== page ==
This study is a retrospective case series in which the authors attempt to assess the specific results of surgery on thumb deformity in children with hemiplegic cerebral palsy. The initial cohort was 56 children that all underwent appropriate proper evaluation. The follow-up cohort diminished to 33 children with adequate preoperative and postoperative evaluation to assess outcome. The outcome measurement was a validated assessment tool known as the Shriners Hospital Upper Extremity Evaluation (SHUEE). This outcome assessment assesses the spontaneous use of the involved upper extremity, static alignment of the thumb, and the dynamic thumb alignment during task performance. The biggest distinction between this outcome measure and others is the assessment of both static and dynamic thumb alignment. The mean time from surgery to follow-up analysis was slightly greater than 2 years.
A variety of surgical procedures were performed depending upon the clinical presentation. A tight web space was treated by release of the abductor pollicus and the first dorsal interosseous at their insertions. Any hyperextension of the MCP joint was treated by arthrodesis in children greater than 10 years of age, or sesamoid arthrodesis in children less 10 years of age. When thumb abduction and extension was deficient, the extensor pollicus longus was rerouted from the third to the first compartment and tensioned. The extensor pollicus longus did not have to be active to undergo rerouting.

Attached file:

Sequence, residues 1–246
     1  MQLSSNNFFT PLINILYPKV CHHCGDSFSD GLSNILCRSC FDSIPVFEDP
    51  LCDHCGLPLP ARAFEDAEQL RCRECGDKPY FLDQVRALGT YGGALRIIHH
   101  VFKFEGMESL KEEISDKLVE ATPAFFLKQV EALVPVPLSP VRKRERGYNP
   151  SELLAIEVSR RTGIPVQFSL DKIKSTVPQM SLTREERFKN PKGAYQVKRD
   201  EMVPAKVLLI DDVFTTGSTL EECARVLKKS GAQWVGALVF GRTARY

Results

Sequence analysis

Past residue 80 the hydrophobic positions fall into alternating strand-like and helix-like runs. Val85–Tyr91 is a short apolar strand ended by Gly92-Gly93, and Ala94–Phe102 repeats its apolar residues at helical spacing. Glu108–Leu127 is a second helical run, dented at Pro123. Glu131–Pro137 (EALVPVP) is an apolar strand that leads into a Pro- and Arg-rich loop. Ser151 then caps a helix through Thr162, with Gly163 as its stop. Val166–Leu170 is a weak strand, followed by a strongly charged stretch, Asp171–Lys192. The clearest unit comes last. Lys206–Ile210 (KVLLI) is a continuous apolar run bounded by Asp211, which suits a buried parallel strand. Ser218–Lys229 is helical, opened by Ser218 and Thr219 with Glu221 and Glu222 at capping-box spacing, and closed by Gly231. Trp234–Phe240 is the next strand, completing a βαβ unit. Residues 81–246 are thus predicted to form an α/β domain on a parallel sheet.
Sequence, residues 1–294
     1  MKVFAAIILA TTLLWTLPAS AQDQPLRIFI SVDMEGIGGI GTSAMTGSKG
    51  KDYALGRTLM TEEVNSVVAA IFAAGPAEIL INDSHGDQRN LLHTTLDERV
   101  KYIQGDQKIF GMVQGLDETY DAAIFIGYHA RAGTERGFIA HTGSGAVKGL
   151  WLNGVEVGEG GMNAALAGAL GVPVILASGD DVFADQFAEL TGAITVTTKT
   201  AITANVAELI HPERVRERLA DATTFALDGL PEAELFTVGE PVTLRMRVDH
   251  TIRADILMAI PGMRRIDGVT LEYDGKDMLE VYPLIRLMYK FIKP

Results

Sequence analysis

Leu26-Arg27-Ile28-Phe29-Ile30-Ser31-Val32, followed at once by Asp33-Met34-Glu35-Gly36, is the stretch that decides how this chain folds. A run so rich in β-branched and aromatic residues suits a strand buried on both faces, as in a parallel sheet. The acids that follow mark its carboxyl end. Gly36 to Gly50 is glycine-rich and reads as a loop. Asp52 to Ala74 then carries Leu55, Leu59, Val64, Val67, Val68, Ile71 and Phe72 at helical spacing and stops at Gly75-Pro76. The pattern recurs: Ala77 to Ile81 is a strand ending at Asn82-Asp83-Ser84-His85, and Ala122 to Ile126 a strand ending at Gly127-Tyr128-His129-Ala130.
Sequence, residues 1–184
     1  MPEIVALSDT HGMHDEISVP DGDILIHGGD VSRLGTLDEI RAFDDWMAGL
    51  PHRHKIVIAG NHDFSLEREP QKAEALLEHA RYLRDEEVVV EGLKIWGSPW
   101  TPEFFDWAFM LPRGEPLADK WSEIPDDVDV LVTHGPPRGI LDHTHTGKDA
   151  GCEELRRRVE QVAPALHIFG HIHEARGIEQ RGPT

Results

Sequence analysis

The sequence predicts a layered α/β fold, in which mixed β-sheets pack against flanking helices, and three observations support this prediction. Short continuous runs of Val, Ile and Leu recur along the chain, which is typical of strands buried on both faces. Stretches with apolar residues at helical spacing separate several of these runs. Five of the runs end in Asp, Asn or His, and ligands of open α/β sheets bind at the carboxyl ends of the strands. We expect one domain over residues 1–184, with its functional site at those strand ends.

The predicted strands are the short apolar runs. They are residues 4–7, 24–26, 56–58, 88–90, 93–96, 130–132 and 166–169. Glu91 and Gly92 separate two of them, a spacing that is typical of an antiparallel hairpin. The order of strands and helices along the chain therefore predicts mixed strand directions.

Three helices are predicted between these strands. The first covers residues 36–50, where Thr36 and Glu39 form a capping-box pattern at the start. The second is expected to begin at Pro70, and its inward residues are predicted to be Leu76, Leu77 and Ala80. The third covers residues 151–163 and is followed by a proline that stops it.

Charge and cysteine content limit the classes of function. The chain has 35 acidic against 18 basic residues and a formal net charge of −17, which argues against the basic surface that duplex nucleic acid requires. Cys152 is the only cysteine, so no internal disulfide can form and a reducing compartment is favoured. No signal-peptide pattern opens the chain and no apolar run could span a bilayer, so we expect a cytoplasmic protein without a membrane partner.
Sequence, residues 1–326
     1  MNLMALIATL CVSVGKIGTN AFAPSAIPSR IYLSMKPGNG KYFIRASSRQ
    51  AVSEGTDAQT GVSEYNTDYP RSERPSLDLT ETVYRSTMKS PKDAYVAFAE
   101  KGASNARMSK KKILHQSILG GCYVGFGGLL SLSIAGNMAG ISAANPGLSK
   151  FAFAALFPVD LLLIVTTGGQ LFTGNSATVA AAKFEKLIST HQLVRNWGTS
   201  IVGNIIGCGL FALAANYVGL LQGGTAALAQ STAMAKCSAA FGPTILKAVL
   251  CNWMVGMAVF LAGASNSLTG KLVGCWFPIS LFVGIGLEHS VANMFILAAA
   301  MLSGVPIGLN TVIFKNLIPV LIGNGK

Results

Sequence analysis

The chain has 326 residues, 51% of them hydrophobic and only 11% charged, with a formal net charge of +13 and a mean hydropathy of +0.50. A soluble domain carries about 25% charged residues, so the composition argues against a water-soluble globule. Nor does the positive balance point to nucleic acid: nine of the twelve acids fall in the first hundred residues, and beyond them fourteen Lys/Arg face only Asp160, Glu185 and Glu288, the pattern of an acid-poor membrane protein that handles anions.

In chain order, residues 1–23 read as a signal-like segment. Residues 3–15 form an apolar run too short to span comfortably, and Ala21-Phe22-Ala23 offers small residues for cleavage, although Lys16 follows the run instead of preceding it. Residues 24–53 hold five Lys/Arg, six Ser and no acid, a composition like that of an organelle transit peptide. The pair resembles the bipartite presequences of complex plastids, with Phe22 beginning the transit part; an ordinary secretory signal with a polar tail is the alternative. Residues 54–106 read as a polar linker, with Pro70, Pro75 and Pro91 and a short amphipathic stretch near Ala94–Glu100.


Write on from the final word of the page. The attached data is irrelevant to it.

Static thumb alignment was improved in 55% or 18 cases. No change was noted in 10 or 30%. Worsening static thumb alignment was noted in 5 cases or 15%. The positive changes in dynamic alignment were even less. In addition, the relationship between the thumb scores and spontaneous functional use of the involved extremity was poor. In other words, there appears to be no relationship between the outcome of thumb surgery and the use of the extremity.
This article highlights the difficulties in treating the spastic thumb in palm deformity. Often static alignment can be achieved but regresses during dynamic use. This retrospective series separates static and dynamic alignment, which is a valuable contribution. However, the authors were unable to provide a reproducible, effective surgical plan to improve thumb deformity in children with hemiplegic cerebral palsy.